“Will Margaritaville, Lani Kai on Fort Myers Beach push on in Hurricane Ian aftermath?” via Phil Fernandez of the Fort Myers News-Press — Margaritaville, the 254-room Jimmy Buffett-themed gulf front venture that TPI Hospitality was planning to open just under a year from now. A few say they saw evidence of something crumbling there. “Some rubble of blown-out concrete walls — those are designed,” co-CEO Tom Torgerson said. Confidence is being displayed on the 125-room Lani Kai complex, where the destination’s Melissa Schneider has been doing regular Facebook reports. “Squash the rumor,” Schneider said Thursday. “We are not taking down the building. We are sticking around. We are going to be rebuilding off this beautiful, structurally sound ‘Old Florida’ structure.”
“Who said God never gives you more than you can handle? Love, loss, miracles” on Fort Myers Beach via Janine Zeitlin of the Fort Myers News-Press — Hibiscus Drive is a street where neighbors not only know each other’s name but also their dog’s name. They were #swflstrong but also Hibiscus Drive strong: swapping numbers for engineers and insight on FEMA rebuilding rules, tracking down the owners of family photos and boats spewed across the neighborhood. The storm stripped them of their belongings and bearings, but it also bound them together. They found a different kind of shelter, with each other. In the absence of official help, several neighbors on Hibiscus who were not there told him to scavenge what food he could from their homes, to borrow their shoes.
“If an Ian slammed South Florida: Nine-foot coastal surge, flooding inland to Hialeah” via Andres Viglucci and Nicolas Rivero of the Miami Herald — In 2017, mighty Hurricane Irma delivered a stinging sideswipe to Miami-Dade and other parts of South Florida. The wind and rain damaged roofs and felled trees and power lines, knocking out power for days, most notoriously claiming the lives of 12 seniors in Broward County marooned at a nursing home without electricity. Along the Biscayne Bay shoreline, though, Irma’s wind strength was that of a Cat 1 hurricane, strong enough to drive a surge of saltwater of 3 feet to over 6 feet several blocks into Miami’s Brickell and Coconut Grove neighborhoods. A large, slow-moving Category 4 storm like Hurricane Ian would push a catastrophic surge across much of coastal Miami-Dade many times worse.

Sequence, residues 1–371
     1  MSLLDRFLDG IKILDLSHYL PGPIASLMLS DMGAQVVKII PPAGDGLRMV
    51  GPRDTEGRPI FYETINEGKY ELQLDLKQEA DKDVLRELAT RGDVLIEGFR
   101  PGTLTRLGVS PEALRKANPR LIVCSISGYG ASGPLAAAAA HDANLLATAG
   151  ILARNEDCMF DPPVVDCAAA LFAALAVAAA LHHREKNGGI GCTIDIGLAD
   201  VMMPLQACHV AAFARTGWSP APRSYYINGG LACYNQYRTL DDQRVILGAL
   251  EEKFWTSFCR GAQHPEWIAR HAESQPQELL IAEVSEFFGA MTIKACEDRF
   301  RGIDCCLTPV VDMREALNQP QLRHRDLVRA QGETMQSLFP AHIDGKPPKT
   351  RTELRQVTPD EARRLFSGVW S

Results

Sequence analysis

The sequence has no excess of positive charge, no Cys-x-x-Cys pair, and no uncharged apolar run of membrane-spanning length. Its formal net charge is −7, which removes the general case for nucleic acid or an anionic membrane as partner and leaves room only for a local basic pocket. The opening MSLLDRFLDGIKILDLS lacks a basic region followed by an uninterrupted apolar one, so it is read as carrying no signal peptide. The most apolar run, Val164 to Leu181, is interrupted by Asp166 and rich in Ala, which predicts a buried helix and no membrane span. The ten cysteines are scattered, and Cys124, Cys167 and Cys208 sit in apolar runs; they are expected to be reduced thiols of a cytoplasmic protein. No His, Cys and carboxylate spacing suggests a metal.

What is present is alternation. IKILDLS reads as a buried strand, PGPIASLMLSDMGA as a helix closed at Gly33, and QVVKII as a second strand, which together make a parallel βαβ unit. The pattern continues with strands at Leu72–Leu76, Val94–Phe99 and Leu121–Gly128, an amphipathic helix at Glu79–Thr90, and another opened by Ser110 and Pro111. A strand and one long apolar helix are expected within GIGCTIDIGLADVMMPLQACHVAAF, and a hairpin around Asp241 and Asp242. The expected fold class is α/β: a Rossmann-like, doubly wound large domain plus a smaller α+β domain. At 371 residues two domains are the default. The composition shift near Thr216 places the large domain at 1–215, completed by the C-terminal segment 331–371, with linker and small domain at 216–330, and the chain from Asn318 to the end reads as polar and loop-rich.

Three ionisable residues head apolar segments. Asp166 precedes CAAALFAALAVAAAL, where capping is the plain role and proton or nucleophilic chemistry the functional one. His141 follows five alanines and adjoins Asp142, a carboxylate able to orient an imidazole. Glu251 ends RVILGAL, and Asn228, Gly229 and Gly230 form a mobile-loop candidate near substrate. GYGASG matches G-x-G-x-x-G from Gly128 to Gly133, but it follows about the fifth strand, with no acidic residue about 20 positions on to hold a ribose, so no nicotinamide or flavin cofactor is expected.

“Turning the lights back on: Power restoration after Hurricane Ian” via Bryan Koon for News-Press.com — Decades-long investment in Florida’s infrastructure has allowed power companies to restore power faster than they were able to in response to Hurricane Charley, for example, which affected similar areas 18 years ago. Moving forward, the utilities will use this as an opportunity to continue to reinforce their structures as they rebuild. Long-term disaster management depends on constant evolution and adjustment. Florida’s commitment to stronger building codes and investment in mitigation projects meant that towns like Punta Gorda and Port Charlotte suffered far less than they did during Charley. What can we do to be better prepared? Use Ian as an opportunity to further strengthen our building codes, invest more in mitigation projects, and further harden our electrical infrastructure.
— D.C. MATTERS —
“Joe Biden is making the most of good economic news” via Jennifer Rubin of The Washington Post — The Biden administration got a rare chance last week to brag about economic growth after two-quarters of decline. The economy grew 2.6% in the third quarter compared with the year before, a relief from two consecutive quarters of contraction. While inflation fears persist and many economists predict a recession, the administration seized upon the slightly better-than-expected growth figures. Biden crowed, “For months, doomsayers have been arguing that the U.S. economy is in a recession and congressional Republicans have been rooting for a downturn.”